GHC 2012: How to Influence without Authority, and Why It’s Important

These are some notes and thoughts from one of the sessions that I attended at Grace Hopper this year.

Dictionary definition of Influence. - The capacity to have an effect on the character, development, or behavior of someone or something, or the effect itself.

Inherently, you don’t need authority to influence.

What do you need to be able to influence?

- Relationships - Get out into the hallways and meet people… Learn what their goals are and figure out how you can help them advance those goals. Do your job well and build a reputation for yourself.

- Trust. Takes time to build, very easy to break.  You get this by doing what you say and saying what you do. Be consist in your approach to things.  Reciprocity is important. Give as much as you ask. Takes time. Not a one off thing you try to achieve.

How do you influence?

Become good at summarizing, be concise, make sure your ideas are based in fact. Consider your audience. Change the length and depth of your data depending on who your talking to.

What’s in it for them? If people find nuggets of their ideas in your plan, they will want to be bought in to it.

Ask questions. Ask short questions, give people a chance to tell you what they think. Make an emotional connection and find out shared values. Ask open questions, avoid leading questions, not yes/no questions.

Now i’ve always had a bit of an issue with session’s on how to influence people. We had one when I first start at ThoughtWorks at TWU. I’ve always thought there is a very fine line between influencing someone and just plain manipulating them. In my rose-tinted world I hope that you don’t need to consciously try to influence people if you are leading by example and have everyone’s best interest’s at heart. If you are genuine and achieve great things, it will change the way people around you act.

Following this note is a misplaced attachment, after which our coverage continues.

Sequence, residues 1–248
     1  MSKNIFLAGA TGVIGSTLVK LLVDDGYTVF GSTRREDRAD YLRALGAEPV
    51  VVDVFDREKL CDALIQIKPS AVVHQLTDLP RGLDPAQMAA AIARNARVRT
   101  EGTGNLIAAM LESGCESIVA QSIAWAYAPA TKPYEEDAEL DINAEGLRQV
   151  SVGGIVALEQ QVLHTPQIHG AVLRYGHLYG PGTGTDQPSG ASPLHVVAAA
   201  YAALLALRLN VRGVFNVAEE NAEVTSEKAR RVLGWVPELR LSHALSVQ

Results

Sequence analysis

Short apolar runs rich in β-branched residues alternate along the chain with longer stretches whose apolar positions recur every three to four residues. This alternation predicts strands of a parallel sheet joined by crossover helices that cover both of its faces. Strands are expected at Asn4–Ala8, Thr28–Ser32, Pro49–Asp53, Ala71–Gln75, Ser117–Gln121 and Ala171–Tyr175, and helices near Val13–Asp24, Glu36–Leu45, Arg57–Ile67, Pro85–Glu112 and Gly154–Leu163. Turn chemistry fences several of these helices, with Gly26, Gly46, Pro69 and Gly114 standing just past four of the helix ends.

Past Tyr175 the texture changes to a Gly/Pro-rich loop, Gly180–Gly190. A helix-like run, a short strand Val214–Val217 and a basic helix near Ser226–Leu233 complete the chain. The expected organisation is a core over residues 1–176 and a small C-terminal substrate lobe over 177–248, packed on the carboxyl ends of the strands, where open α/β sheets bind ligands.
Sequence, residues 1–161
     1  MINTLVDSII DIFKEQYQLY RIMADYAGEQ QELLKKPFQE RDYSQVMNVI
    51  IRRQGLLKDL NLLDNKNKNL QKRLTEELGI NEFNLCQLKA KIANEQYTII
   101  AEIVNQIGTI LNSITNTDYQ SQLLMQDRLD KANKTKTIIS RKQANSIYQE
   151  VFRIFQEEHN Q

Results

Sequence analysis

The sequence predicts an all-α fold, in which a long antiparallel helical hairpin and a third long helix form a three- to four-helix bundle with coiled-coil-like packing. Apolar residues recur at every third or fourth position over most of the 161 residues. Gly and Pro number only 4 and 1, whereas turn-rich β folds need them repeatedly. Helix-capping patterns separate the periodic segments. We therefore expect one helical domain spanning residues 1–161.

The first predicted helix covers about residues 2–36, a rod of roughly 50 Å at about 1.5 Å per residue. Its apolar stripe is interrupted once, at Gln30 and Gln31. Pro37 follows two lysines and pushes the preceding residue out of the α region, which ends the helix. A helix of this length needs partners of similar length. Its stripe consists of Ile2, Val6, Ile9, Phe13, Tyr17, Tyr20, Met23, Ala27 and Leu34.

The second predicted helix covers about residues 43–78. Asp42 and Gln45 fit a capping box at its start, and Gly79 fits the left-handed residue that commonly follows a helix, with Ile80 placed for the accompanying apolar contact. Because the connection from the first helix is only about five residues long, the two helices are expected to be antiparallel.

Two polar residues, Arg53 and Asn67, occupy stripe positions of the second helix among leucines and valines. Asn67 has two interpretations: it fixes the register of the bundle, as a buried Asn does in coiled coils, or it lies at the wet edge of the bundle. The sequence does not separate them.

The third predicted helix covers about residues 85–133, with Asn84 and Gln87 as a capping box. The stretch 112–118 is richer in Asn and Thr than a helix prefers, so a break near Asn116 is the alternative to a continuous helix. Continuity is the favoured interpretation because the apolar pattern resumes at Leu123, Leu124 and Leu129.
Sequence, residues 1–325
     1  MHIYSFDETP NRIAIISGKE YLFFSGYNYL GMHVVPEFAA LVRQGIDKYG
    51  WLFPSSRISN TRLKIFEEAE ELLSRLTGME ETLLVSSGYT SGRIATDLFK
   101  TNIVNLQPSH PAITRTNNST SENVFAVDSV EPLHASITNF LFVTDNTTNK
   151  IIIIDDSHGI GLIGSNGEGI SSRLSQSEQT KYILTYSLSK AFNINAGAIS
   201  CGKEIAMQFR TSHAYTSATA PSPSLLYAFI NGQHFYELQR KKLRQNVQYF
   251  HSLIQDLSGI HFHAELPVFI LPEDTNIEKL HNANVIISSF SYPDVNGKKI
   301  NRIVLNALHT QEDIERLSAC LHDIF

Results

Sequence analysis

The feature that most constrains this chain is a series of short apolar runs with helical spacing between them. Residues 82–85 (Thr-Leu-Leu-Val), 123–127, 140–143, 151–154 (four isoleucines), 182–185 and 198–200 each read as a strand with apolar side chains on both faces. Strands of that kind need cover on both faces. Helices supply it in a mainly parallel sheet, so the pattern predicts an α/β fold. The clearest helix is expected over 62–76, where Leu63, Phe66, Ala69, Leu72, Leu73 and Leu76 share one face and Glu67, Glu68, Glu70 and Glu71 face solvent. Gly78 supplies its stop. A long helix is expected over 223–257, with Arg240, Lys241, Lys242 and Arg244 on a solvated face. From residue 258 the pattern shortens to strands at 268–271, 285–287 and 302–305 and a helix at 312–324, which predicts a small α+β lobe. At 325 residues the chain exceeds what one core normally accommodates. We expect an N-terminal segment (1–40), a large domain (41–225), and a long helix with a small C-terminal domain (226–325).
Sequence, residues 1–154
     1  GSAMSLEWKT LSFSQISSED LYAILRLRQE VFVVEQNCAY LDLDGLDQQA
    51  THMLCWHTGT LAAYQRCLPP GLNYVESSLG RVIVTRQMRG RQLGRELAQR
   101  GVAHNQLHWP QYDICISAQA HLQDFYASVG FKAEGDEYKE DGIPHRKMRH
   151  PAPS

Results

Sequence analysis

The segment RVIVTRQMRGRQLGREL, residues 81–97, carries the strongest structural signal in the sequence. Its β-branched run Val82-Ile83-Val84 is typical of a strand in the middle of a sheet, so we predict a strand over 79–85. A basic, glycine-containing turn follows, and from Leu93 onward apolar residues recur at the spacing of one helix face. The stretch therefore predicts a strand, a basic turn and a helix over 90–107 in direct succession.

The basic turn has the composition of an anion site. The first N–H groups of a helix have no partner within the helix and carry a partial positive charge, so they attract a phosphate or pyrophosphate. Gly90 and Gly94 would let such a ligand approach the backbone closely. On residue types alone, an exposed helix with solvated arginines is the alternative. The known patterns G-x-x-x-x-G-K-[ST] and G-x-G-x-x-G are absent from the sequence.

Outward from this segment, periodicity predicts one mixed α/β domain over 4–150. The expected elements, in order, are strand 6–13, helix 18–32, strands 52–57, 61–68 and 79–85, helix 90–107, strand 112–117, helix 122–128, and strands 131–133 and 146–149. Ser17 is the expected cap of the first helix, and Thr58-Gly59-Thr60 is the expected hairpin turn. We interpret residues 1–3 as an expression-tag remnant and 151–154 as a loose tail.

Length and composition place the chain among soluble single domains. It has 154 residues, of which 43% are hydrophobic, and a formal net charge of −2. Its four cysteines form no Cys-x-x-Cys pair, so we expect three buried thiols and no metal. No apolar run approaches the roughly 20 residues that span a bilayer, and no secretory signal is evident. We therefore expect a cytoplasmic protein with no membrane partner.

Thankfully someone in the audience asked just this question: How do you make sure you’re not coming across as being manipulative?

Avoid one sided conversations.  Present your idea and ask for feedback.  Focus on what is in it for them.  Respect “No.”, but try again.  Make sure that you are “perceived as trustworthy”. (<- shouldn’t you just BE trustworthy?!)

What do you do when you are dealing with someone who ‘needs’ to feel like they have that authority over you?

Make friends with people who are friends with them and ask their advice. Ask how can I talk to them in a way that they will listen to? Make sure you are advancing them in their goals as well. “Their ego is their teddy bear and don’t take their teddy bear away from them”.

As long as you don’t care who gets the credit you can go along way.

 How to influence what you are working remotely?

Try to meet at least once. Phone and Skype become easier once you have met face to face. Talk about non work stuff to create a personal connection. Get into a conference call 15 mins early and chat, make it known that that’s what you do.

For more notes on the session see here